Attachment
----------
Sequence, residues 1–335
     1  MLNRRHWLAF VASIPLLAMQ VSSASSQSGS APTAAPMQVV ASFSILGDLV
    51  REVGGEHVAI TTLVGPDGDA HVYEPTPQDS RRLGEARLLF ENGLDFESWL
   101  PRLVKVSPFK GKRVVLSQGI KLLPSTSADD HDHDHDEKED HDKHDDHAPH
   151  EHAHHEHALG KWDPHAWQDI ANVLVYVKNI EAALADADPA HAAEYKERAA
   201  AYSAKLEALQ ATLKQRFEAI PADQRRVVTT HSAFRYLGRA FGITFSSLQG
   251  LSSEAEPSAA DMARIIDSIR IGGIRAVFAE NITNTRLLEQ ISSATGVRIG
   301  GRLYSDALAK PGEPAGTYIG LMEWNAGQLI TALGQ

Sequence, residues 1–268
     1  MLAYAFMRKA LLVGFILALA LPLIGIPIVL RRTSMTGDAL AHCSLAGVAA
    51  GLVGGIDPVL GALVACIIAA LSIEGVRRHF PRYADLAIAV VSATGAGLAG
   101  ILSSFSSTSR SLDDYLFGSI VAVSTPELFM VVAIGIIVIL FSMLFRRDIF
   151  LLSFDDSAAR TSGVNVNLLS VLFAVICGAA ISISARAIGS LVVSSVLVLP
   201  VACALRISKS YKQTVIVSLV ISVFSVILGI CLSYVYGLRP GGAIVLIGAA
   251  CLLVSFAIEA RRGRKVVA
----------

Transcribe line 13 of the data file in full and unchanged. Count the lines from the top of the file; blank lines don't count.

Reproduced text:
   151  LLSFDDSAAR TSGVNVNLLS VLFAVICGAA ISISARAIGS LVVSSVLVLP